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L'Italie à table, the Italian gastronomic excellence show in Nice – Italian Cuisine

L'Italie à table, the Italian gastronomic excellence show in Nice

Truffles, oil, wine, pasta, desserts and much more along the Promenade des Anglais in Nice where the Italian food and wine excellences conquer the French.

Cured meats, cheeses, desserts, pasta and even wine: the list of quality products is long, the result of Italian gastronomic excellence, which could be tasted in Nice from last June 7th until 11th along the beautiful Promenades Des Anglais, scope of the Salone L''Italie à Table, an appointment under the European program Sistina, now in its 15th edition, in which small artisans have made tourists, passing customers and French catering professionals taste their products. A way to promote across the border niche productions of the highest level that could intercept the demand not only of tourists but above all of those who work with food every day, as chefs, owners of premises, wholesalers. "The idea came about 16 years ago," he explains Michele Palmieri, a young person in charge of the Italian Chamber of Commerce in Nice – when they were looking for a way to introduce some typical excellences of Piedmont and Liguria, the two regions closest to France, to the French market. It began with only references from the provinces of Cuneo, Imperia, Veneto and Emilia, to arrive at today where there are over forty exhibitors, they come from all over Italy and most of them have confirmed their participation for years ". A won bet therefore.

Cheeses, honey, oil and biscuits. All the Made in Italy excellences

Walking through the stands is like finding corners of Italy where accents mix with local products. Among the many exhibitors, the company Bonifazi, was one of the first to believe in the project of L''Italie à Table. It produces extra virgin olive oil from the early 1900s in the Umbrian countryside. The olives are the local ones, leccino, moraiolo and frantoio, the production remained artisanal, although over the years the numbers of the bottles produced have grown. Giuseppe Veglio produces his own Tuma d 'Fe on the hills of the high Langa, with milk produced by its 120 sheep that graze freely in the meadows. He has been coming to Nice for years. The cheese is made only from April to November, when the milk is rich in all the aromas and aromas of the field herbs. Once heated to 37 ° the sheep's rennet is added and then the toma remains to rest for two days. It is "caressed" with a pinch of light blue Sicilian salt, left to rest for another week and then it is ready to be tasted. At their first salon they are the owners of the Perfumed Experience Laboratory by Riolo Terme, a shop where ancient grains mix with seeds and spices to create recipes that have been handed down from generation to generation biscuits that smell of lavender, turmeric and hazelnuts, in which every bite is like a return to childhood.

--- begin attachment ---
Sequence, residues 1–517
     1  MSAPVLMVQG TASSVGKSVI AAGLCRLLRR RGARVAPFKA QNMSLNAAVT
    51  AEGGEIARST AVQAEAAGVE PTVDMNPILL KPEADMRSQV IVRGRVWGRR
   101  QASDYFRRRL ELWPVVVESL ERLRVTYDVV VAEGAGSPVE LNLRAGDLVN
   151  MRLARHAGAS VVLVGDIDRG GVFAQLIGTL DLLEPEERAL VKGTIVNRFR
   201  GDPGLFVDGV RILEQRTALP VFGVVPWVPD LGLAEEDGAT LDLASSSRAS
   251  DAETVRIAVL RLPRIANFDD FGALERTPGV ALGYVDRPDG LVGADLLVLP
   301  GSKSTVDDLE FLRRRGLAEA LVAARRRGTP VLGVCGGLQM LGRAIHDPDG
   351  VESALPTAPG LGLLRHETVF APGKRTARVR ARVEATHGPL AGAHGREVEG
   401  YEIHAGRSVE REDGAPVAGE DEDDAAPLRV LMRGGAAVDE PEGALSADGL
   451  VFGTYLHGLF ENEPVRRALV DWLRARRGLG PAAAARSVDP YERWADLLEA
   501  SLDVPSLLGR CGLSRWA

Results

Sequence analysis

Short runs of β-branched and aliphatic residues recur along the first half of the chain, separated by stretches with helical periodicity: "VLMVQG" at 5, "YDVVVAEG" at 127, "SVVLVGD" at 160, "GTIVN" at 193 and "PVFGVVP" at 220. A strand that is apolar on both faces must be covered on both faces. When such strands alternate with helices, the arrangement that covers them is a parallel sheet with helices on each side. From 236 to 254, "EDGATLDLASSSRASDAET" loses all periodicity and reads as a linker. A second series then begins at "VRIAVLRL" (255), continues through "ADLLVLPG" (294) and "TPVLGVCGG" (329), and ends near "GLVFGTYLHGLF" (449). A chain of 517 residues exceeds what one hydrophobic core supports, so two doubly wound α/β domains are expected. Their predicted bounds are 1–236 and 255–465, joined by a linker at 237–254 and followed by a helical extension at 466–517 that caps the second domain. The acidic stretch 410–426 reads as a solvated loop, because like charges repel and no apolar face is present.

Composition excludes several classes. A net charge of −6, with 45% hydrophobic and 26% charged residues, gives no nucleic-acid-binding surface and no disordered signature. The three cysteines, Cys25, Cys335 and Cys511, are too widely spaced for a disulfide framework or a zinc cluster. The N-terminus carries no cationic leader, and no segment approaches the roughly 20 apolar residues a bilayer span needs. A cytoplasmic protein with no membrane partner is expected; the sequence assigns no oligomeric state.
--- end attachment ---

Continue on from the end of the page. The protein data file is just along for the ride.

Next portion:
Meeting with French cuisine

These benches at the L’Italie à Table salon are an opportunity to get to know those who really are behind the products they often use, without knowing their history. This is why Sebastien Perinetti, manager of the restaurant "Canon" in the center of Nice every year this fair is not lost for anything in the world. “I have always used many Italian, Ligurian and Piedmontese specialties above all – he tells us when we meet him – starting with oil, cheeses, polenta, which in the restaurant I propose combined with lamb and white beans from Pigna, another Italian specialty , a Slow Food presidium cultivated in the province of Imperia ”. And then the natural wines of Fornovo and the trombetta courgettes, typical Ligurian. In his restaurant the menu changes twice a day, "because – he explains – it depends on what the suppliers bring me: the fisherman, for example, arrives at 13. I know what I can offer my guests at that time". Attention to the highest quality products also for the restaurant L'atelier, by Stephane Chenneveau, who specialized in porridge, which in France they call Socca. He proposes it as a base on which he then serves fish, meat, vegetables and cheeses, and accompanies it with a good glass of wine (he has over 600 references between biodynamic and natural), often Italian. He also does not miss the L’Italie à Table show because, as he tells us, “we French are like you Italians, attentive to detail, always discovering new excellence to offer to our guests. And this is the right place to stay ”.